The Shotgun Blog
Tuesday, January 31, 2006
CUPE, SC hand-in-hand in Crazytown
Canada's top court has given the country's human rights commission the go-ahead to investigate whether flight attendants should be paid the same as pilots and airline mechanics.
Great, so we can also expect legal secretaries to make just as much as any partner in a firm, right? Absolutely insane. Flight attendants require seven weeks of training, paid for after you're hired by Air Canada. Imagine how flight school students coughing up thousands for their in-air hours feel. I'd love to hear any pro-union blogger try and defend this one.
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What boggles the mind is exactly what logic is used to create a "Human Rights" issue from a labour issue.
The sooner we put an end to this nonsense the better for everyone.
Posted by: PGP | 2006-01-31 8:27:23 AM
Woohoo! I am a legal secretary! Excuse me everyone, I'm off to the boss's office for a chat...
Posted by: RightGirl | 2006-01-31 8:29:10 AM
Also include the little known fact that if a flight attendant has a bad day, she spills a drink on someone. If a Pilot or Mechanic has a bad day, everyone dies.
Solution? Simple. Require every flight attendant to have a valid pilot's licence and fire them if they don't. Then, with zero flight attendents on the payrole, re-define the role and bust the union. Hire some people who don't think they're worth what a pilot makes.
If these people want a pilot's pay, get a pilot's licence.
What is it about judges that makes their IQ drops 90 points the day they're appointed to the bench?
Posted by: Warwick | 2006-01-31 8:30:09 AM
As is typical of the right-wingers who regularly post to this site, your first step -- and that of those who follow you -- is to set your hair on fire. Had you done even a smidgen of research -- you know, like read the actual Supreme Court decision -- you would know that the Supreme Court didn't decide whether or not flight attendants should be paid the same as pilots. It decided a essential preliminary issue: whether under the Canada Human Rights Act, flight attendants and pilots worked for the same "establishment" even though they worked under different collective agreements. This preliminary decision is necessary to determine whether the Commission has jurisdiction to even look at the case on its merits.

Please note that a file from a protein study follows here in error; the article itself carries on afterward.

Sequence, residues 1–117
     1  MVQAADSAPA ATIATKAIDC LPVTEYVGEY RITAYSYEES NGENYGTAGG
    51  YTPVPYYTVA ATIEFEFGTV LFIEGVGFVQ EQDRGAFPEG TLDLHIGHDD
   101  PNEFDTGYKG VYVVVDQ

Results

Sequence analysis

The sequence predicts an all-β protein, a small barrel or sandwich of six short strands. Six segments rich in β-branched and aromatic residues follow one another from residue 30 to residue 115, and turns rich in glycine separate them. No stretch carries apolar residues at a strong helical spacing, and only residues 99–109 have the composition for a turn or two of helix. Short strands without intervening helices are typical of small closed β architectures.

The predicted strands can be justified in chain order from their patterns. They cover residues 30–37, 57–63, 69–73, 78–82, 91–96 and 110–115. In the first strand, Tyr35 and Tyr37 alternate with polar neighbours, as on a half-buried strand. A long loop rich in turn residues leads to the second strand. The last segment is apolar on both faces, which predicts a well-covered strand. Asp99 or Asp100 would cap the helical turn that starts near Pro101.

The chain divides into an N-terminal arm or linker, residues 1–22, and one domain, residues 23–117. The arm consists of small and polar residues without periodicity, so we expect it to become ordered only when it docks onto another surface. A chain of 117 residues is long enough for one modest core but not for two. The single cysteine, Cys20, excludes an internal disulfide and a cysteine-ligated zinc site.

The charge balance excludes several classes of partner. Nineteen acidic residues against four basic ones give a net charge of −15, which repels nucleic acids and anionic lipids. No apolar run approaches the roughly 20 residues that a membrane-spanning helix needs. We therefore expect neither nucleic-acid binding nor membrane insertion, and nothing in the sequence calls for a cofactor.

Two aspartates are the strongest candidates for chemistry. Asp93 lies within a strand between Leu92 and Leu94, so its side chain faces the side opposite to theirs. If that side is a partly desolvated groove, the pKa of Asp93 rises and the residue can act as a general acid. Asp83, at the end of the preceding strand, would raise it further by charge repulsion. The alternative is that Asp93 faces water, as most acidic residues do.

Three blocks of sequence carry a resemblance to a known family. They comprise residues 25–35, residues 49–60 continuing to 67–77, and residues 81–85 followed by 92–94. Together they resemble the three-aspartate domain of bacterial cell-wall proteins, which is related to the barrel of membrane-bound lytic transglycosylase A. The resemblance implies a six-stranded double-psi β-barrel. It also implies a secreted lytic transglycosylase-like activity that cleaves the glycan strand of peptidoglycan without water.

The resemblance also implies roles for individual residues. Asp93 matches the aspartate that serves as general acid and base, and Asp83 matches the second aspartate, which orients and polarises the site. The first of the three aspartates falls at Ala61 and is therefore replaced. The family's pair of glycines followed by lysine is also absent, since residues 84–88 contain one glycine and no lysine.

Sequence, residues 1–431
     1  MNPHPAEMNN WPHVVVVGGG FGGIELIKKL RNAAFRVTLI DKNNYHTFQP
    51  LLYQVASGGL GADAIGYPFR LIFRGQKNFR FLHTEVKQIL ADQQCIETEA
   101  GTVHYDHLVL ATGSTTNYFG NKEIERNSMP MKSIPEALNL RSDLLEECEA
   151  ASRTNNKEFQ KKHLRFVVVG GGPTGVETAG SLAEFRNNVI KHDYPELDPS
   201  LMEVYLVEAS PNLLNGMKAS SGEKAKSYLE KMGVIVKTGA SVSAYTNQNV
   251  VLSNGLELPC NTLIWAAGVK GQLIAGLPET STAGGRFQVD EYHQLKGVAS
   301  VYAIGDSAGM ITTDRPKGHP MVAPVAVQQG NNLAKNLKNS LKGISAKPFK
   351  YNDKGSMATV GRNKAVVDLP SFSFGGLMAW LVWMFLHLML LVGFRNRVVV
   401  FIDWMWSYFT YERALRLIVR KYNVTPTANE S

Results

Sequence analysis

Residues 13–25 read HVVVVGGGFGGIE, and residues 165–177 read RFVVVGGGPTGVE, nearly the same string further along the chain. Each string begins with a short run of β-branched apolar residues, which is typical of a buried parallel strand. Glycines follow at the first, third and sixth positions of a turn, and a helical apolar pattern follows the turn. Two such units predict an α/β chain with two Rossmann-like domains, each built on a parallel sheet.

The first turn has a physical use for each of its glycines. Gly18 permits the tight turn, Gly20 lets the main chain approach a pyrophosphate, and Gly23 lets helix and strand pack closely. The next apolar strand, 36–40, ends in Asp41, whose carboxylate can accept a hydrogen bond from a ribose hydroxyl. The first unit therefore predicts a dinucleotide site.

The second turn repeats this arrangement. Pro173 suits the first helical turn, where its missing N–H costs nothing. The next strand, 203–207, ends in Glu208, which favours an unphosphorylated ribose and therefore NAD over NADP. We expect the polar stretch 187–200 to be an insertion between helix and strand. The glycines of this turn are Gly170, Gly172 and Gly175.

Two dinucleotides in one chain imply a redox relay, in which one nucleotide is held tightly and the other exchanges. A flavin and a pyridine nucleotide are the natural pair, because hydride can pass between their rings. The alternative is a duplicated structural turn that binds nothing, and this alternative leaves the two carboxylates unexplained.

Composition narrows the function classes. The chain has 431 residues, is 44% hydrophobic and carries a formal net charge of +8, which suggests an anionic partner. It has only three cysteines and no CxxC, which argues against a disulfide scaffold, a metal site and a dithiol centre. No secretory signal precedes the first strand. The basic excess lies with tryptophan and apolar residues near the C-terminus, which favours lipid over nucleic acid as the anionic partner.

The whole point of the exercise, of course, is buried deep in the judgment, in paragraph 2:
"According to one of the Commission’s binding guidelines, employees are deemed to be employed in the same establishment if they are subject to a common personnel and wage policy. This appeal centres on what constitutes an “establishment” for purposes of the Act and what it means to have a common personnel and wage policy. The issue is whether flight attendants, mechanics and pilots belong to the same establishment. If so, the female-dominated jobs of flight attendants can be compared with the male-dominated occupations of mechanics and pilots in order to determine whether women are being unlawfully underpaid, contrary to the pay equity principles in the Act."
Note that it doesn't say that flight attendants are underpaid. Nor does it suggest that, if they make the comparison and find that flight attendants are underpaid, that it follows they shold be paid the same as pilots or mechanics. (Although I think you'll be shocked how little some airline pilots actually make; in the early years, as little as $24,000/yr) Just that, based on the language of the statute and the Commission's binding guidelines, the Commission must hear the case and make the comparison.
Now, don't you feel silly. Or rather, sillier.
Posted by: truewest | 2006-01-31 8:52:14 AM
Truewest, to be fair, the rightwingers were reading a CBC article, and since the CBC is part of the vast Liberal media conspiracy, obviously they were unduly influenced by its mind-control. So they can't really be responsible for their opinions and/or lack of research.
Posted by: Buzz | 2006-01-31 9:08:04 AM
Truewest and Buzz, perhaps you should have read my post more carefully. There was a reason I asked for pro-UNION bloggers, not pro-this-latest-decision-of-the-SC bloggers. I understand the court's decision. It's CUPE's actions and intent that I'm asking you to defend.
Posted by: CharLeBois | 2006-01-31 9:19:59 AM
The self-proclaimed human rights advocates who run to the Supreme Court to validate their Marxist nonsense have too much time on their hands, and their hands on too many of our tax dollars.
CharLeBois, enjoy watching hell freeze over in anticipation of an intelligent explanation from the left about CUPE's actions and intent.
Actually, why not save time and just consult the Communist party website for your answer?
Posted by: PM | 2006-01-31 9:49:23 AM
Fine. Here we go.
CUPE represents flight attendants. CUPE's job - indeed, its duty -- is to look out of their best interests.
There is a federal pay equity statute that requires that there not be discrimination between male and female dominated jobs in the same establishment. You may not like the statute, but it is the law and a tool that CUPE can use for its members benefit.